Digital media can provide lifelines for homeless people. This article explains that Brianna Karp wrote The Girl’s Guide to Homelessness about her experience of being homeless. In an interview, she says that
‘people are still amazed to see homeless people utilizing resources, or conclude that they must not “really” be homeless. Why should a person entering a crisis like homelessness be expected to give up items they may already own, like a cell phone or laptop, which may be their most valuable tools for finding work and digging their way out?’
She also says that through her blog she met other homeless people and activists.
She advises other homeless people that
‘Technology and social media are your friends, so use them. With them, a world’s entire wealth of information is at your fingertips.’
Realising that I don’t regularly use one or two particular providers any more (eg 3 News or The Herald) is quite a surprise. These days I get a sense of what’s going on through a mosiac of sources fed to me from a few social media applications. When we discussed digital media and news in class last week it was pointed out that news is no longer an ‘event’, it is now ambient background noise.
Google news presents me with headlines nearly every day, and headlines from several news providers on facebook (One News, 3 News, The Dominion, The Herald, The Guardian etc) just merge with everything else in my news feed. If any of the headlines interest me, I click on the link to find out more.
I also ‘follow’ quite a few news providers on twitter and if there is a big news story I’ll often search twitter to find links rather than going to the website of a particular news provider. It seems I’m not the only one. When this article asked the question ‘what is twitter, a social network or a news media?’ it discovered that 80% of tweets are derived from some sort of ‘permanent’ news item. So despite its frivolous name (and reputation), twitter can be a reliable source of credible news. It isn’t that twitter actually provides news, it just provides headlines with links, and twitter users do the rest.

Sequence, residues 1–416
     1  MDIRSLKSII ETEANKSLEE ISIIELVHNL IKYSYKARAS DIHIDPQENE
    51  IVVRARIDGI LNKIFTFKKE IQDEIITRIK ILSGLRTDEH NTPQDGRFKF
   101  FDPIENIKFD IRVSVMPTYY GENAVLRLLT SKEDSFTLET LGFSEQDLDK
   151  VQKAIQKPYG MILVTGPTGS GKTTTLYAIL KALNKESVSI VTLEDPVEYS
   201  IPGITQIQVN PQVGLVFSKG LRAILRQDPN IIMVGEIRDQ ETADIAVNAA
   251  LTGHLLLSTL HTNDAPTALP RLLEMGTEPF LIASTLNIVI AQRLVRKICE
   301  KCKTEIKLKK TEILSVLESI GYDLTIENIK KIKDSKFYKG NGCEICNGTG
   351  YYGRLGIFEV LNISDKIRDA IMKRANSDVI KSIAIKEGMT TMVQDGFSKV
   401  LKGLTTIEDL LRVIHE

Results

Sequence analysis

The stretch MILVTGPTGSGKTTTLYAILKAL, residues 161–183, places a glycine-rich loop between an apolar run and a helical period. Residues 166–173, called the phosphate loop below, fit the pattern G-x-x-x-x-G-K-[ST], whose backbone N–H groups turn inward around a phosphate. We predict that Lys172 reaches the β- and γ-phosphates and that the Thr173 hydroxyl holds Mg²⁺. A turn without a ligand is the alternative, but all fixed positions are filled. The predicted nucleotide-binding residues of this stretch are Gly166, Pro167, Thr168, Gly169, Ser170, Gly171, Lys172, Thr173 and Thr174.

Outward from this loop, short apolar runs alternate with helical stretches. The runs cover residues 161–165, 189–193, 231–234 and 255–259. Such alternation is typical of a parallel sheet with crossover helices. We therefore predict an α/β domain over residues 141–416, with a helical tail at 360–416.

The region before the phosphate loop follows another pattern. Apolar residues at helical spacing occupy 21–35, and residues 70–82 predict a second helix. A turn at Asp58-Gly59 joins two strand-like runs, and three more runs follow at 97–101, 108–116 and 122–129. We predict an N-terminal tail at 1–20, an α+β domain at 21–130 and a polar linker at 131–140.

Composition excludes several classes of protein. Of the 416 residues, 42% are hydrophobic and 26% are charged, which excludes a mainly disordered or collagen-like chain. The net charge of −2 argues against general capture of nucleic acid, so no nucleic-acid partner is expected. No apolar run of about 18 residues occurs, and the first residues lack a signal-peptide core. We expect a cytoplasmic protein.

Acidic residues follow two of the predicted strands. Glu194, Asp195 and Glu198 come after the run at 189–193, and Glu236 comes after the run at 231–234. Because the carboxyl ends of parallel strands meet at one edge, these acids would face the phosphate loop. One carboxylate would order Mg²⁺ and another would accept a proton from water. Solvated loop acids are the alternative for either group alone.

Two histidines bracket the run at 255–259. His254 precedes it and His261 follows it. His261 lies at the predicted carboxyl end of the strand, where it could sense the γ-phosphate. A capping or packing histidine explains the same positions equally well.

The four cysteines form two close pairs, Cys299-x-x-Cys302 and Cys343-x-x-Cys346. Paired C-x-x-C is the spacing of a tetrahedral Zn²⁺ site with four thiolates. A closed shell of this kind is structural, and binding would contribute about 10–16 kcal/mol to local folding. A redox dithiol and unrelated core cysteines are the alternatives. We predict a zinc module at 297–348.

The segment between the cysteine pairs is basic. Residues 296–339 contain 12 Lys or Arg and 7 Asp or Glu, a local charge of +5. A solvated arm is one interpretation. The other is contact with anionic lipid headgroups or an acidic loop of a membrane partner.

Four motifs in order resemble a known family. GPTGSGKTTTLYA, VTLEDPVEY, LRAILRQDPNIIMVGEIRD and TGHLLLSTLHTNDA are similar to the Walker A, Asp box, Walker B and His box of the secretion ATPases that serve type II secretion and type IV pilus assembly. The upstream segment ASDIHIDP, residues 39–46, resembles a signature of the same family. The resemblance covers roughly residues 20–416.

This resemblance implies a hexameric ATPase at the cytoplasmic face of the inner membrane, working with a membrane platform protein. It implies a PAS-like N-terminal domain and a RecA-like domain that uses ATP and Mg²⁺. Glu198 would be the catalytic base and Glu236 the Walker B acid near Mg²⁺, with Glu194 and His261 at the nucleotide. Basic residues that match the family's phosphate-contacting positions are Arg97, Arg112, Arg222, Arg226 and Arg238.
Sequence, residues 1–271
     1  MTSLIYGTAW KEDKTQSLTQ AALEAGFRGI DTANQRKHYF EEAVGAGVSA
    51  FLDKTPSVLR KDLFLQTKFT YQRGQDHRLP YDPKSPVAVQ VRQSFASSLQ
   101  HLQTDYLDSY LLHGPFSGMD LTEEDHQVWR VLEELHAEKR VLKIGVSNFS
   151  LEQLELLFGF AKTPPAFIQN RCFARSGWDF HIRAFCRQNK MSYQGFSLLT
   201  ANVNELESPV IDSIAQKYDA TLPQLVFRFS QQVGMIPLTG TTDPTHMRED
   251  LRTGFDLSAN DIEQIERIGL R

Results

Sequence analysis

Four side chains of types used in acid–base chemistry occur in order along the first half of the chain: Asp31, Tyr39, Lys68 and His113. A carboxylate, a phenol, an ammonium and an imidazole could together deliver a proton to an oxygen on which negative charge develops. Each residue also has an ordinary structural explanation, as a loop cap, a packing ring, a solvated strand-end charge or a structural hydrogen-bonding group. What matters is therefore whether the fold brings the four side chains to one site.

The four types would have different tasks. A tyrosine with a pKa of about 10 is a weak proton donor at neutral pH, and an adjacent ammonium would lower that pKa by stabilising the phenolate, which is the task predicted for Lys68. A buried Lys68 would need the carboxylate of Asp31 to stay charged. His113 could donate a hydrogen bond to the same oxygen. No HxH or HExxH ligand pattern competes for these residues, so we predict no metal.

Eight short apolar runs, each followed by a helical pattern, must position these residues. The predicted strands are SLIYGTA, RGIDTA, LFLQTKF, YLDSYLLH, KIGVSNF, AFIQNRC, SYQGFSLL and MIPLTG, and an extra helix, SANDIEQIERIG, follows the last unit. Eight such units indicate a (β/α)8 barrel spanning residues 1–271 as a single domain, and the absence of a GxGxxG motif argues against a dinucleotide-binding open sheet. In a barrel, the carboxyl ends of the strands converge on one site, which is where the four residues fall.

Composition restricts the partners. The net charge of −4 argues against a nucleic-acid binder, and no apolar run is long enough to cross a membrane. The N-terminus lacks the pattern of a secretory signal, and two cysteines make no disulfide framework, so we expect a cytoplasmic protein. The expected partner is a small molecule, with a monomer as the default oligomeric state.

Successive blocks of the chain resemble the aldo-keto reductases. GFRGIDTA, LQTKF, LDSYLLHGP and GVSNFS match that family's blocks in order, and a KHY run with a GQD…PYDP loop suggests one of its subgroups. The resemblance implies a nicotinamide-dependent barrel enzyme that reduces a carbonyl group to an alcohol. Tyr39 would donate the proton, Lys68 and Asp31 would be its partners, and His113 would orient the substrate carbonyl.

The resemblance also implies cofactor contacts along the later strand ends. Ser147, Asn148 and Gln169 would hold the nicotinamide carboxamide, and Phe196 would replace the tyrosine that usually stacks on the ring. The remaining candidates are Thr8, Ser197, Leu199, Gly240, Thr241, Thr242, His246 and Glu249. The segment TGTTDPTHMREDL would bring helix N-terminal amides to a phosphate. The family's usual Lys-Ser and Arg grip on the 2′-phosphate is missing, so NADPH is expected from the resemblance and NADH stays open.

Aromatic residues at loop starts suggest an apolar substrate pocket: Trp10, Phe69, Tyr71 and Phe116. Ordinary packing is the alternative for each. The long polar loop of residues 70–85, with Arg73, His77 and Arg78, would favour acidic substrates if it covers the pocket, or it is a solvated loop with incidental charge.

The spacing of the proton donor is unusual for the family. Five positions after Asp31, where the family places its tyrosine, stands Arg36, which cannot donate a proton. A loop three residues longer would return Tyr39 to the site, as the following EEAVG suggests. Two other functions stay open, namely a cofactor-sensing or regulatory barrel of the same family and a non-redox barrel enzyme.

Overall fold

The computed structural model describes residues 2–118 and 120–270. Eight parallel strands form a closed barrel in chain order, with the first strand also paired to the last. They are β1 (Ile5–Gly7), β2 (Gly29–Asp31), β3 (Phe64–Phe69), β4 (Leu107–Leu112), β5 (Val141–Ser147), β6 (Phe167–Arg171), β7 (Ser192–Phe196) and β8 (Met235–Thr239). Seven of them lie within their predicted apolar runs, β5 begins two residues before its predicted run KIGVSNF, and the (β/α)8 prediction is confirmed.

In our class there was some discussion of whether digital news media are effective at prioritising important news stories. The concern is that people tend to be exposed to news items they are interested in, and either actively (or through ignorance) ignore the rest. The effect of this is to Balkanize or fragment society into several factions that are only exposed to news items that confirm their existing worldview. It seems to me that a frequent twitter user (for example) would be exposed to really important news items whether they wanted to be or not, because of the tendency for users to retweet important information frequently, creating ‘trending topics’. In other words, the importance of a particular news item would be gauged by its ‘retweet’ frequency.
The following ‘retweet tree’ (from the article ‘what is twitter…?’) illustrates that a news item (in this case about an ‘air france flight’) is often retweeted many times as people receive then send the information.